Episode 284: The Greatest Russian General, in War and Peace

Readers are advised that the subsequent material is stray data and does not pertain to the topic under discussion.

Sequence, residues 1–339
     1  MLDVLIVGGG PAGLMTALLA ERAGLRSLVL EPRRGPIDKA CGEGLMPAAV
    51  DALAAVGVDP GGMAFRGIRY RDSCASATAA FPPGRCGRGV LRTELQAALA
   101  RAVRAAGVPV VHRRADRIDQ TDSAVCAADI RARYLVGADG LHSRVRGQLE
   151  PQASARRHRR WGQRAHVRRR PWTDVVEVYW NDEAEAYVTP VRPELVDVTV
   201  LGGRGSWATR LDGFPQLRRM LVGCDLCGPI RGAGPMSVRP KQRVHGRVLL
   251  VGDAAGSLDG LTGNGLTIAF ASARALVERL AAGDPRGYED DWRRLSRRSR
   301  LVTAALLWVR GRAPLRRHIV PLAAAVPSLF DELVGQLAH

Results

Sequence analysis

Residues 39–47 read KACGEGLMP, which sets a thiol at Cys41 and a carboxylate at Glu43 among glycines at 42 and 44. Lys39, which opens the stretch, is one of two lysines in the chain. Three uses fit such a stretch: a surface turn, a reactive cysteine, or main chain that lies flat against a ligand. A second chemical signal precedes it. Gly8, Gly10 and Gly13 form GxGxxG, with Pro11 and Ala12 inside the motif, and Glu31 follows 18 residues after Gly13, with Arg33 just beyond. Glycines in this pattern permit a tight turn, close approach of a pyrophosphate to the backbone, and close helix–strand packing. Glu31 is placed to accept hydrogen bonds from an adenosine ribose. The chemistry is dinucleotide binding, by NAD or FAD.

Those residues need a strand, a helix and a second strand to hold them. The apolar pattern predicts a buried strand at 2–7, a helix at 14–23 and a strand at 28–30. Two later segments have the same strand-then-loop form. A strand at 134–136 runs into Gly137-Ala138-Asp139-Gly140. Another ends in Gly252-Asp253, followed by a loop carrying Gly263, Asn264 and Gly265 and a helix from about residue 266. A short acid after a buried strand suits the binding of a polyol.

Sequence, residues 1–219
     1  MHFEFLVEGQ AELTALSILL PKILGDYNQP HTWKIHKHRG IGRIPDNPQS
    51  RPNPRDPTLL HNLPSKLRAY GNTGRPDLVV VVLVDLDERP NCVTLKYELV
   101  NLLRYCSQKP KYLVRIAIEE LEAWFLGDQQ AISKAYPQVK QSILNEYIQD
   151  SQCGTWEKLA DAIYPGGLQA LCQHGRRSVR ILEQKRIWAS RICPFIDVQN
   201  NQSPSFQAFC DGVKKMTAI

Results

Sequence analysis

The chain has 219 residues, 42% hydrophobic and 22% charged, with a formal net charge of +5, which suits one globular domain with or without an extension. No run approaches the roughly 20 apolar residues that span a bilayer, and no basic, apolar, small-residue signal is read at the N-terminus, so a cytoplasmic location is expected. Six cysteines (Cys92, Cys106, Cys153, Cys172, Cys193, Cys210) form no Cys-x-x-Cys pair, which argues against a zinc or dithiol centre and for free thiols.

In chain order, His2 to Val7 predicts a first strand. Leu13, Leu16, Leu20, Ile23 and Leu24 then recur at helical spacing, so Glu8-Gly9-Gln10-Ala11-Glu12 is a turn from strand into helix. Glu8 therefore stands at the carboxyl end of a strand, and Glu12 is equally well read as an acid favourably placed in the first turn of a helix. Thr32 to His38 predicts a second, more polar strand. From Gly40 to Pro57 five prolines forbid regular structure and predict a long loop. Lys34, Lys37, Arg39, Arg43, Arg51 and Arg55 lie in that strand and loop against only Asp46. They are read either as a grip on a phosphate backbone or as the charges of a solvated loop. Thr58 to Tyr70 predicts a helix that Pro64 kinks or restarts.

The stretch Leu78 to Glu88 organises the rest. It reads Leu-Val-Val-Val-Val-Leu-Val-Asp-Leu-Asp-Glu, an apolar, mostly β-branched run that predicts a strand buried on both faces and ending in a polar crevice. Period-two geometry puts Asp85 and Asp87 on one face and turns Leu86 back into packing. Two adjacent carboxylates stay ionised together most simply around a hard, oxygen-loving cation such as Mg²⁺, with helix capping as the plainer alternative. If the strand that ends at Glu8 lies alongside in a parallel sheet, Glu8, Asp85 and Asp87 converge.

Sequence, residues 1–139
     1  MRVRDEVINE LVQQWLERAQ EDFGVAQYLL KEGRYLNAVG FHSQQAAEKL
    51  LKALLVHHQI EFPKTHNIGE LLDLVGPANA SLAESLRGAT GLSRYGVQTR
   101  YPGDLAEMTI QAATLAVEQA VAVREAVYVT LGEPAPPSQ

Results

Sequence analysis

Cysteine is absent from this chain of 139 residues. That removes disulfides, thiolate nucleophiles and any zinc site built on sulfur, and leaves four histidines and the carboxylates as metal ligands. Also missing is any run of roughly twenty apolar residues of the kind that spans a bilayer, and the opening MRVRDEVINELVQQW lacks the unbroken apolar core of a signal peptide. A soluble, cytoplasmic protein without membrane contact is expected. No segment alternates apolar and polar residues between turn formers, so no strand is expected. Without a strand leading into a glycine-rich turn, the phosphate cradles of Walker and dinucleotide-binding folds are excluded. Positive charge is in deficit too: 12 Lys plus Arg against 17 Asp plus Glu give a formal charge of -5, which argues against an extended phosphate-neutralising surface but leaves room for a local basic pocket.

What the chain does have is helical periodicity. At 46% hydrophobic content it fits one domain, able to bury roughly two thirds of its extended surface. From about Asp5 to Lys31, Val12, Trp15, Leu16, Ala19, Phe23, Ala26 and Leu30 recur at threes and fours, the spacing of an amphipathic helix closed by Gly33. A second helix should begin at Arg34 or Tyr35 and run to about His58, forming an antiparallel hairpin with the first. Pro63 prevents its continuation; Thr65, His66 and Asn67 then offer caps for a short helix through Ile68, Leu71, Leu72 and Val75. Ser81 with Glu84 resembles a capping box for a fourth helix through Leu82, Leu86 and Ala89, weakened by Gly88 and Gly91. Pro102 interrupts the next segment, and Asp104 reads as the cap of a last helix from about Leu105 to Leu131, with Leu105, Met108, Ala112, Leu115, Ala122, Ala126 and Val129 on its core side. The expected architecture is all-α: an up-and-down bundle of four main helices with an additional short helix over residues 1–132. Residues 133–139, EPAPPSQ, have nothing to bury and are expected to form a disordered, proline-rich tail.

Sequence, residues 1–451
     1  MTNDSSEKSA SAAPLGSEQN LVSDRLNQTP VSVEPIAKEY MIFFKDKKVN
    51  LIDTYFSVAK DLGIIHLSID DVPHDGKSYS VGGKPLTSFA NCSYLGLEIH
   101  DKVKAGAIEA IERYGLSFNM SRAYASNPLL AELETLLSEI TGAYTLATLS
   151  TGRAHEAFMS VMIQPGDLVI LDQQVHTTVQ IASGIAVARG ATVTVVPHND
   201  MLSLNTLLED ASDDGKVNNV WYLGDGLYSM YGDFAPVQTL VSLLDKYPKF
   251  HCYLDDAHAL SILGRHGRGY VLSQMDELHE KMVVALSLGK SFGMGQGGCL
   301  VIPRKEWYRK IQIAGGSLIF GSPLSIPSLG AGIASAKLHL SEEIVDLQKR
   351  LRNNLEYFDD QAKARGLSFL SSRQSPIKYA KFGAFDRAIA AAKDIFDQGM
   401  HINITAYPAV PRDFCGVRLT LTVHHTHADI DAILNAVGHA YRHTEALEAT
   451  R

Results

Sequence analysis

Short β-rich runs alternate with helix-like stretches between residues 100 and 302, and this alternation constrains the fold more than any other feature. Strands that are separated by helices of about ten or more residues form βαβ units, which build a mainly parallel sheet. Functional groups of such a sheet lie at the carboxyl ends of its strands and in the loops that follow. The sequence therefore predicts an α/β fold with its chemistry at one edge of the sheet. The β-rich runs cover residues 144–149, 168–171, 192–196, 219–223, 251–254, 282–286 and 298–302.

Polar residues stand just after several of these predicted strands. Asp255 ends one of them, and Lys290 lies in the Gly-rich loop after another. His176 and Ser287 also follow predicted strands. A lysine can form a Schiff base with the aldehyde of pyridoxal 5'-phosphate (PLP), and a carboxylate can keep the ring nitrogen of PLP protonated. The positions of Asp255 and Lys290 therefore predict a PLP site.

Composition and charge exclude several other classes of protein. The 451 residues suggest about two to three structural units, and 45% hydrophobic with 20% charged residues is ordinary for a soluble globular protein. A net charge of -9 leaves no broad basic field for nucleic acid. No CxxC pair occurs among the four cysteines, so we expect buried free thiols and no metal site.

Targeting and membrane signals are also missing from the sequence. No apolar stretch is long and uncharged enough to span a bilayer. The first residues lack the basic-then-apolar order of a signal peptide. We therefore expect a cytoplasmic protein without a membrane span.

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If we know Mikhail Ilarionovich Golenischev-Kutuzov, we know him as Tolstoy imagined him, as an old man, before Austerlitz, “with his uniform unbuttoned so that his fat neck bulged over his collar if escaping… in a low chair with his podgy old hands resting symmetrically on its arms'' who begins to snore loudly and rhythmically as his generals plan the battle. Why? Because he alone understands the hand of providence, or the finger of fate; because he alone “recognizes that there are forces in the universe that are ‘stronger and more important than his own will’.” Tolstoy’s Kutuzov therefore decides not to decide; diminishes himself in order to triumph; realizes that he is an observer rather than pretending to be an actor. But who was Kutuzov really? And how can we know him? Those are the questions at the heart of Alexander Mikaberidze’s new biography Kutuzov: A Life in War and Peace. It is as concerned with Russia in the late eighteenth century, and with what was subsequently made of Kutuzov’s legacy–to the very moment we record this conversation–as he is in Kutuzov’s life story. Alexander Mikaberidze is Professor of European History at the Louisiana State University at Shreveport, where he is also Ruth Herring Noel Endowed Chair for the Curatorship of the James Smith Noel Collection. This is his fourth appearance on Historically Thinking. For Further Investigation Alex Mikaberidize talked about the Napoleonic Wars as a world war in Episode 14, and then again in Episode 155, after the publication of his book The Napoleonic Wars: A Global History (which won the 2020 Gilder-Lehrman Military History Prize) He also appeared in Episode 241: Doing the Research Brian Cox seems pretty well-cast as Kutuzov; but if you listened to the podcast closely, you'll see that the makeup people made an error

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